By Diana Bowley of the News Staff - DEXTER - This town may have lost its manufacturing base when Dexter Shoe Co. ceased its operations here a couple of years ago, but the gloom and doom forecast for the community never materialized for local retail businesses, according to officials.
Today, retail business is brisk and all of the Main Street storefronts, but one, are occupied. That storefront, the so-called Fossa building, is expected to be filled in the near future thanks to action taken by the Town Council Thursday.
The council voted to deed property at 12 Beech Street, previous Housing and Urban Development property that was turned over to the town for $1, to the Dexter Regional Development Corp. The corporation, which will reimburse the town the closing and legal fees associated with the deed conveyance, will in turn sell the property and use the proceeds for the purchase of the empty Fossa building. The corporation wants to renovate it and advertise the prime property for business development.
"The Dexter Regional Development Corp. is very pleased that the council conveyed the property because it's going to give us a big boost to accomplish bigger economic development projects and goals for the community," Judy Wilbur Craig, a member of the council and president of the corporation, said Friday. Craig and Rick Goodwin, a council member and a member of the corporation, both abstained from the vote to convey the property.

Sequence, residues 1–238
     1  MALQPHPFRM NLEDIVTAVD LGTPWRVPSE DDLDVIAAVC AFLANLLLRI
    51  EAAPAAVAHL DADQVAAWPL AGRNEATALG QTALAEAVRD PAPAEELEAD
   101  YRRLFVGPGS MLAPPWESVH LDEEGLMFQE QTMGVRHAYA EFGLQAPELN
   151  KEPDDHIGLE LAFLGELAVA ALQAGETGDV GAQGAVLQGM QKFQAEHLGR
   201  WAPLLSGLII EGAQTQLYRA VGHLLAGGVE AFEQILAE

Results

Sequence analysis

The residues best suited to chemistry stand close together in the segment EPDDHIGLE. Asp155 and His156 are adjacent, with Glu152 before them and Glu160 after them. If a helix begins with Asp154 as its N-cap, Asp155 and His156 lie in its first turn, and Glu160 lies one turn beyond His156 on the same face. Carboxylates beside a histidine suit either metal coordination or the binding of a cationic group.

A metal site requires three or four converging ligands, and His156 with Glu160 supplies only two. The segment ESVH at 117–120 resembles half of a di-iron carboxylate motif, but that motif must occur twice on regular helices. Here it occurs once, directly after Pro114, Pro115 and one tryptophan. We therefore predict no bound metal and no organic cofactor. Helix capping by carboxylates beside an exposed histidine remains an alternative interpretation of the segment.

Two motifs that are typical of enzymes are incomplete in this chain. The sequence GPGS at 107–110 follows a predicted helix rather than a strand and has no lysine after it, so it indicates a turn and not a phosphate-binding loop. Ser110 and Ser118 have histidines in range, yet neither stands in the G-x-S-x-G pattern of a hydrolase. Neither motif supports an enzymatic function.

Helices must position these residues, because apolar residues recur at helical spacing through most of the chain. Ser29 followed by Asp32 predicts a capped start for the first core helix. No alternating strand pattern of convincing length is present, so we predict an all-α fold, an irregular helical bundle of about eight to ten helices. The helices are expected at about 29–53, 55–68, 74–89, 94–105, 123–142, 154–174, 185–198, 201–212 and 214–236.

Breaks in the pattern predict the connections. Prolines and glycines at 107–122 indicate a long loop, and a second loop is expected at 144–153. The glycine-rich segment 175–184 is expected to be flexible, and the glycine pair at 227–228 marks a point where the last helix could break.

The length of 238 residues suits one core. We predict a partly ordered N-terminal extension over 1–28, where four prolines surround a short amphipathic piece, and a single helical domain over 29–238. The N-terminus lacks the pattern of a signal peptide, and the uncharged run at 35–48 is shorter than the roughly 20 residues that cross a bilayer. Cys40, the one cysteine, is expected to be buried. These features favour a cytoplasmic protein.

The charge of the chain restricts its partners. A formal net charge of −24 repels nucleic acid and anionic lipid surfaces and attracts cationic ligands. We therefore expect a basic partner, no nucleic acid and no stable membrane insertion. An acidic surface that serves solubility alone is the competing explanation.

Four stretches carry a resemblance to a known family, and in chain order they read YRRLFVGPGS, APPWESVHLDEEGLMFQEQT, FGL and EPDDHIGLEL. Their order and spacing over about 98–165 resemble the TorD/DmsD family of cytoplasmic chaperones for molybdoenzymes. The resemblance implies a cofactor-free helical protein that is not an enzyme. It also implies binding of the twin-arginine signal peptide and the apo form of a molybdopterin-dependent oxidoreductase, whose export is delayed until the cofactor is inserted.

Town Manager Robert Simpson said that when he first arrived in Dexter in 1997, about half of the storefronts were empty. This is the first time the town has had as many stores open. "It's nice to look out and see lights in all the windows now," he said Friday.
Businesses that have filled storefronts in recent months include The Hop, Country Charm,a gift shop next to Darby Creek Soups, and Mr. Paperback, occupying the old Ben Franklin building. The latter business previously operated in Newport, but is currently moving its operations to Dexter.
Simpson said the town had been offered other HUD properties in the past, but they were declined because of their condition. This property was a good acquisition for the town and fit well into the development corporation's goals, he told the town council.
Craig said Penquis CAP has agreed to help the corporation make the necessary repairs to the small single family home on Beech Street. Because HUD owned the property, the corporation must sell it to an individual who meets the low-to-moderate income guidelines.
"Fortunately we're in a great real estate market right now," Craig said, adding that the real estate boom should make for a quick sale of the property.
|Back to News||Home||Print This Story|